Part of the Halfland film ethos is that filmmaking be doable with the means of the maker. Nothing bothers me more than desire and talent being stifled by waiting on someone else to provide the funds to make it real. (Don't make me bring up Leni Reifenstahl again!) No more movie producers, agencies, studios need be involved any longer. Narrow, deep, direct interaction between maker and audience rules the day as far as I'm concerned. And I couldn't be happier over that.

All this to say, I finally hooked up, roughly rooted around with her, and found Dragon to be exactly as I wanted her to be, built for what I'm doing, natural to understand and use, thrilling.


The other day I came across a real life Rana Cottage by accident! Some guy built this home in the wild country of Scotland for about $4000 (hats off!) but what really caught my eye was how much it had in common with Rana's rounded, quicklime-washed, rustic dwelling.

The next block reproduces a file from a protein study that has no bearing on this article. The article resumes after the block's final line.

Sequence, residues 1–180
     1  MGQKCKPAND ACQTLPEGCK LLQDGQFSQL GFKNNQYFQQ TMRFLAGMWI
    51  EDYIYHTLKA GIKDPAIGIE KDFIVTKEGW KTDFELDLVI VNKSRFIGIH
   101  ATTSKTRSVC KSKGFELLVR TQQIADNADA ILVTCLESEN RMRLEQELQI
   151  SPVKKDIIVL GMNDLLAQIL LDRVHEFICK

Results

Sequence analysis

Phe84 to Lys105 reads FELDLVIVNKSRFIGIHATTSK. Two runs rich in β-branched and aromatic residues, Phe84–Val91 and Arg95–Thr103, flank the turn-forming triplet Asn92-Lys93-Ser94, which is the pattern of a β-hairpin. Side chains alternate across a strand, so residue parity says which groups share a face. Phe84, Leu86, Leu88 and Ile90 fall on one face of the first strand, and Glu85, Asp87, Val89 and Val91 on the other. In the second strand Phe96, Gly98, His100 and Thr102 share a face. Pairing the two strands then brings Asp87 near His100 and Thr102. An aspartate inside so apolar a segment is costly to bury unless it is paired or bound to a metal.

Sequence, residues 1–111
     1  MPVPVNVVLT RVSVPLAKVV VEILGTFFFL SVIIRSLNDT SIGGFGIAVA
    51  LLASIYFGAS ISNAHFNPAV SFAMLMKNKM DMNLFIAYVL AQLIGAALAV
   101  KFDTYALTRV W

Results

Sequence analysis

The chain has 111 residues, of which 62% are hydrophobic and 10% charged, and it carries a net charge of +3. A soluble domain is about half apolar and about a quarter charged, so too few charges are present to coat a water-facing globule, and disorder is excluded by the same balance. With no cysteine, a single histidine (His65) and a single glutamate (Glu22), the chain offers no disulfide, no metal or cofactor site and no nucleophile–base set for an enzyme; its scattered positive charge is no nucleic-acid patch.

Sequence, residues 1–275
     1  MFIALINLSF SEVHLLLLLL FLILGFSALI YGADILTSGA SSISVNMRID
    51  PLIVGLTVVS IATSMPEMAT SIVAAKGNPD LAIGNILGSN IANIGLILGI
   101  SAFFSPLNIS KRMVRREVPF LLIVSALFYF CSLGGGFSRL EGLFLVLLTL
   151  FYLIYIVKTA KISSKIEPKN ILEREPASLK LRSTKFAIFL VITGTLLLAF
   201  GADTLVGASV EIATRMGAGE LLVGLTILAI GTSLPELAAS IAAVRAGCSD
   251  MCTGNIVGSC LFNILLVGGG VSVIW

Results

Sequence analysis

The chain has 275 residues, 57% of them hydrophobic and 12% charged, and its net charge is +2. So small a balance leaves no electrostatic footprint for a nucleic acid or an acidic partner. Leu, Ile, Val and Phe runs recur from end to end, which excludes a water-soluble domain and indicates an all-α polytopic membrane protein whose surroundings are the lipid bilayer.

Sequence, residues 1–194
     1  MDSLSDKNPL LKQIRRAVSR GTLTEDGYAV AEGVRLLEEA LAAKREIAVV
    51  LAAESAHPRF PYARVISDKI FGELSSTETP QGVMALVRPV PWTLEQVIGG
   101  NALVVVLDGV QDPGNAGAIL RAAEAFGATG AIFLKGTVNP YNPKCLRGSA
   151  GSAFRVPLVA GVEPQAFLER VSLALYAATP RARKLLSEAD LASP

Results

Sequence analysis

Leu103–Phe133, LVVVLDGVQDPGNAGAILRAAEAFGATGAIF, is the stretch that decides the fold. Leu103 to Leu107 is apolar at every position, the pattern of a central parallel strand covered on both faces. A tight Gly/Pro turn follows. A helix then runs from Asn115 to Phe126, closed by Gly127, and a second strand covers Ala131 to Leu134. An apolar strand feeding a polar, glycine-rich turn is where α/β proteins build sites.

A book design client gave me a sample from from a fabulous hotel in Mexico that used naturally twisted twigs to spell out it's name (seen at top). I freaked in a good way. I spent a couple hours tracking down botanical typefaces online and got a few ideas along the way. There is no written language in Halfland as it takes place before civilization existed, before language was needed, before time, truth be told. So when I create the titles, using branches, shadows, and marking on leaves will be the way to go.

Readers here will recall that the Answer Tree hears your questions and grows your answer out on its leaves. Several have been waiting to hear what their's is. Wait no more. Some answers have emerged today...

Thursday, February 21, 2008

Sea Set Start

Kyra the mermaid's sculpt skin stumbles upon the undersea door to Halfland, guarded now by Nick Hilligoss' fabulous quadropode, now cast as sentry.


Sea Set Start from herself on Vimeo.Added a 12" (surprisingly smooth turning) Lazy Susan bearing to a crate to create a small tabletop stage for the Undersea scene.

Hawaiian undersea photographer and animator, John Hankins (aka; Castlegardener on the boards) sent his witty contribution to the scene. I opened the package in the car outside the post office in excitement, saw all the great disks of undersea photos John so generously included and a little soft foam sandwich? Then I read the note inside--and burst outloud laughing! He had made a Peanutbutter and Jelly FISH! So cute and clever. I LOVE it! Thank you John!